By Michael Shenouda
After posting my first blog about "How I got started in real estate", I wanted to continue by giving some advice on a few different ways to structure deals when you are getting started. There are many ways to structure a real estate deal and it is all about setting expectations with your partners and/or investors.
First, you can start the way I did with a FHA 203k loan. This type of loan is a great way to get in with very little money down. However, it is HIGHLY leveraged so be careful because with only 3.5% down if things don’t go well, it can turn ugly quickly. Regardless, there are multiple mortgage brokers out there that can provide these loans and you will only need to put 3.5% of the total purchase price and construction. This is a great way to start as you will it own it all yourself and if you do well the upside can be a lot higher.
Second, you may determine that coming up with any cash is hard but you still want to put in the work, find the deal and manage it. This is where you can find a family member, friend or ANYONE who wants to invest in real estate. I promise if you do your homework and find a good deal, there is money out there to do it. If you can’t find the money, call me and I’ll find it for you. Once you have found your investor or partner, you can structure the deal several different ways. The beauty about this is that there is no right or wrong way to do it. Several ways I have seen:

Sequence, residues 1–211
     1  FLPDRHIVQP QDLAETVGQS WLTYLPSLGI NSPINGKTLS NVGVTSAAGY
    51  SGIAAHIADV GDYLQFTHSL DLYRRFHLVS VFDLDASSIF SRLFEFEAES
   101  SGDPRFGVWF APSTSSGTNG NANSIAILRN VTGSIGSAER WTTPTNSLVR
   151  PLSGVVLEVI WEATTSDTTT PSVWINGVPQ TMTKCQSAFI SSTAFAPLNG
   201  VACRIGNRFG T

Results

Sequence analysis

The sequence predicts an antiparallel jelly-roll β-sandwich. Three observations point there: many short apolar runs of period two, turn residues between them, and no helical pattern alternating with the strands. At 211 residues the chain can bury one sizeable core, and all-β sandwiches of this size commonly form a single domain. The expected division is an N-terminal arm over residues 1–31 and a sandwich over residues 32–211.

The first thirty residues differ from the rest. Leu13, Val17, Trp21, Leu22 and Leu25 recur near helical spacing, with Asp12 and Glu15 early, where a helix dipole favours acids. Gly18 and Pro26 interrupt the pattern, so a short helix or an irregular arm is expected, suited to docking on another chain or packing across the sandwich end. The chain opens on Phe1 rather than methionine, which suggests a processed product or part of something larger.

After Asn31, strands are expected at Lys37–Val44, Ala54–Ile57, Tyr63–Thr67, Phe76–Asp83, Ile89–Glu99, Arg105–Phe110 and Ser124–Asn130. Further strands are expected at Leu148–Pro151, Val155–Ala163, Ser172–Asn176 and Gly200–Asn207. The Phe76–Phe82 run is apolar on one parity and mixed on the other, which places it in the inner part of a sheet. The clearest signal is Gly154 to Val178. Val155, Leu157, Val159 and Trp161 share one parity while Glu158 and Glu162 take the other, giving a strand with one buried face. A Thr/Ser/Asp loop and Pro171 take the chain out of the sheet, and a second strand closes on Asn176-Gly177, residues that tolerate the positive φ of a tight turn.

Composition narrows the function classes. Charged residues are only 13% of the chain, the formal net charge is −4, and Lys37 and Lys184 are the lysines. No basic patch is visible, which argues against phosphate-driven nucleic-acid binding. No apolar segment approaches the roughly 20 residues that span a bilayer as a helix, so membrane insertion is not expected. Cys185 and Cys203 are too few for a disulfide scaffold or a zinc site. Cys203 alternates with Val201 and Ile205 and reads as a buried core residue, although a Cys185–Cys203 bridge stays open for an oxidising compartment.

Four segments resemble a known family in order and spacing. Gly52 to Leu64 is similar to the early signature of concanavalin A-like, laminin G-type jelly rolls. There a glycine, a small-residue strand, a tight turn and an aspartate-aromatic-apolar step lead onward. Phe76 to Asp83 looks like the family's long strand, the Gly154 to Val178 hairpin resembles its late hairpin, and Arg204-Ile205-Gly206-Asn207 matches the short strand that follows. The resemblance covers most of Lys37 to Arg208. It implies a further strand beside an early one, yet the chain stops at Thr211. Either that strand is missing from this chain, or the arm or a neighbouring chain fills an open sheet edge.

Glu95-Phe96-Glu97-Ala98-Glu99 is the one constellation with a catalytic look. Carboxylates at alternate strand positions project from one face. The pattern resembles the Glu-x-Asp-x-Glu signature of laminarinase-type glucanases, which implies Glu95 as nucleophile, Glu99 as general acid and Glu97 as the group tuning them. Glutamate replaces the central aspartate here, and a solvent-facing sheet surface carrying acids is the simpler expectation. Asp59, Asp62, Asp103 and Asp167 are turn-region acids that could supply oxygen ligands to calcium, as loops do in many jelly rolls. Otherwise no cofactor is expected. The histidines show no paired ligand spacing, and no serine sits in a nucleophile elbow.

- Investor puts up the cash, you sign the loan and do all the work and split the profits 50/50 or 75/25 after they have their initial investment returned.
- Investor puts up the cash and you pay them interest on their money 10-15% a year and once they have all their initial investment back plus return you keep all the upside.
- Investor puts up the money and you pay them interest (ie 8%) plus a percentage of the profits (75-80%) and you keep 20-25%. This is more standard as you grow larger.
Real estate is a lot of fun because you can be as creative as you want with your deal structure; there is no one size fits all.